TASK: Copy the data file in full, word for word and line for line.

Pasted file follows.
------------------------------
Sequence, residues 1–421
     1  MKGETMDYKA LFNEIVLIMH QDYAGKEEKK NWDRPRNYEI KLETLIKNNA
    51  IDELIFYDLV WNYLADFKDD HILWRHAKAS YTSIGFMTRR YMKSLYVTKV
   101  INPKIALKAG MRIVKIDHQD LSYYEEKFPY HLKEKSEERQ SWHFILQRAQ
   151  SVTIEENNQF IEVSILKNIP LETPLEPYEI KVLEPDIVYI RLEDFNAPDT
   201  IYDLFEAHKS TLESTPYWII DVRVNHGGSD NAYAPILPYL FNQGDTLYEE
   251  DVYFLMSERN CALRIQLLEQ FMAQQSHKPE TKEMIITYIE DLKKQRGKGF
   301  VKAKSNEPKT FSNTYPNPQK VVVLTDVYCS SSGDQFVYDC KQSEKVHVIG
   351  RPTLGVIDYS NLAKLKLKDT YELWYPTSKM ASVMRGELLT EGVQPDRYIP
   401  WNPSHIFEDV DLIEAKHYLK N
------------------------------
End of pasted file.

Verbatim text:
Sequence, residues 1–421
     1  MKGETMDYKA LFNEIVLIMH QDYAGKEEKK NWDRPRNYEI KLETLIKNNA
    51  IDELIFYDLV WNYLADFKDD HILWRHAKAS YTSIGFMTRR YMKSLYVTKV
   101  INPKIALKAG MRIVKIDHQD LSYYEEKFPY HLKEKSEERQ SWHFILQRAQ
   151  SVTIEENNQF IEVSILKNIP LETPLEPYEI KVLEPDIVYI RLEDFNAPDT
   201  IYDLFEAHKS TLESTPYWII DVRVNHGGSD NAYAPILPYL FNQGDTLYEE
   251  DVYFLMSERN CALRIQLLEQ FMAQQSHKPE TKEMIITYIE DLKKQRGKGF
   301  VKAKSNEPKT FSNTYPNPQK VVVLTDVYCS SSGDQFVYDC KQSEKVHVIG
   351  RPTLGVIDYS NLAKLKLKDT YELWYPTSKM ASVMRGELLT EGVQPDRYIP
   401  WNPSHIFEDV DLIEAKHYLK N